When I leave my house in the morning to walk our two dogs, I have to immediately duck with them into the back of the house to avoid a potentially volatile confrontation with the guy who owns the muzzled black dog and the cairn terrier who is, without a doubt, on crystal meth. This little dog, this Toto, this crazy fucking fuckhead could eviscerate a German Shepherd in a matter of seconds if the two were left in a room alone together. His snarling, wretching, growling, gnashing can be heard from streets away. And he hates my dogs. Maybe he hates anything and everything that isn't his meth dealer. Maybe, though, it isn't meth. Maybe he's into steroids. Maybe he's got the Roid Rage. Whatever it is, I avoid him, his foaming, muzzled, black compatriot, and the asshole owner who still insists on walking past my house at precisely the same time I have to leave in the morning before Molly steam-pisses our rugs.

Walking down our back-alley is also something I try to avoid, because the mixture of feral alley-cats, squirrels dive-bombing into trash-cans and obsessive-compulsive birds beaking themselves to death on trees and poles is enough to drive poor Molly, a mere 9 months old into an absolute distracted panic. A fluttering leaf falling from a tree is enough to transfix her and make her forget why we are outside in the first place: pissnshittime.

If I walk past Cliff's house, it's invariably when he's leaving for work, and this often results in a fifteen minute conversation, during which I fantasize about removing both of my eyeballs with my bare hands and inserting them into Cliff's mouth to get him to shut the fuck up. Cliff's a jovial, no worries kind of guy, and that type of person drives me nuts. When I talk to Cliff, I think, "Isn't he going to be late to work?" and, if he is, what excuse does he proffer to his employer?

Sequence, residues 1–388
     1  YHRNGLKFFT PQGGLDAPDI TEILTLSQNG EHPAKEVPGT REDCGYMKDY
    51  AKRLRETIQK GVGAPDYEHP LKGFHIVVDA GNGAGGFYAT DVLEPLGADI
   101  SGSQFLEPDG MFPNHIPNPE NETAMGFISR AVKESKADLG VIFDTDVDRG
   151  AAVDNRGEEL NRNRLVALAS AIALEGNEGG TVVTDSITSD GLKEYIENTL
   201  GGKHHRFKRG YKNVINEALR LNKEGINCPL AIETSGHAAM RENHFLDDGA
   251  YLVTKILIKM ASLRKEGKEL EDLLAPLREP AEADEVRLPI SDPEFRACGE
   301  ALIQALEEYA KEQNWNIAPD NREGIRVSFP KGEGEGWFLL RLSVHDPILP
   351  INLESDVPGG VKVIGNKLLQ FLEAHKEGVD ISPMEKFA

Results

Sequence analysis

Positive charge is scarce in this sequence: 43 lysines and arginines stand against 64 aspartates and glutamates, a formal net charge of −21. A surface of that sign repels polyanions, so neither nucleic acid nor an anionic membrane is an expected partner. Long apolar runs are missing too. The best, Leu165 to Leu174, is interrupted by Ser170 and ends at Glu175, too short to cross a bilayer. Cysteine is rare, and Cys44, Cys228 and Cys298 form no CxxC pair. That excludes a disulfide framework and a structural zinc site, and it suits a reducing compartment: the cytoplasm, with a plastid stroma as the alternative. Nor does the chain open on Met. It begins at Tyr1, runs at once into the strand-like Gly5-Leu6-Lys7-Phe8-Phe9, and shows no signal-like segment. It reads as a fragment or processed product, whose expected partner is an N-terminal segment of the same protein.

"Oh, sorry I'm late Mr. Stuffnstuff, I just had to talk my neighbor's balls off about the dogwood tree on my front lawn. Won't happen again."

"At this rate," I said to my wife in the kitchen, "I'll have to walk the dogs on the fucking roof."

Of course, it's leaking, so that's probably not such a hot idea. And, besides: what would the neighbors say?


  1. wow, and i thought my neighbors (a dog breeder, a serial sue-er, and a guy who once said of someone else: "we used to could solve these problems with an ax-handle") we weird...

  2. LOL. i feel your pain. i look through the glass of the main entrance door before stepping outside to make sure neighbors aren't around. they always try to pet my dog even though she barks at them EVERY SINGLE TIME. then i'm forced to talk to them when i'd planned to not open my mouth until i was in my car, yelling at the mini van that won't drive when the light's green. so yea, when the coast is clear, i run with the dog to the yard back of the house, then we run back inside. there's no reason to be courteous in the morning.

  3. Like you, I want to be nowhere near this woman's stinky room. Because I think we both know what she was talking about.

  4. I think the best part of this story is that you were holding your dogs shit the entire conversation with the crazy lady.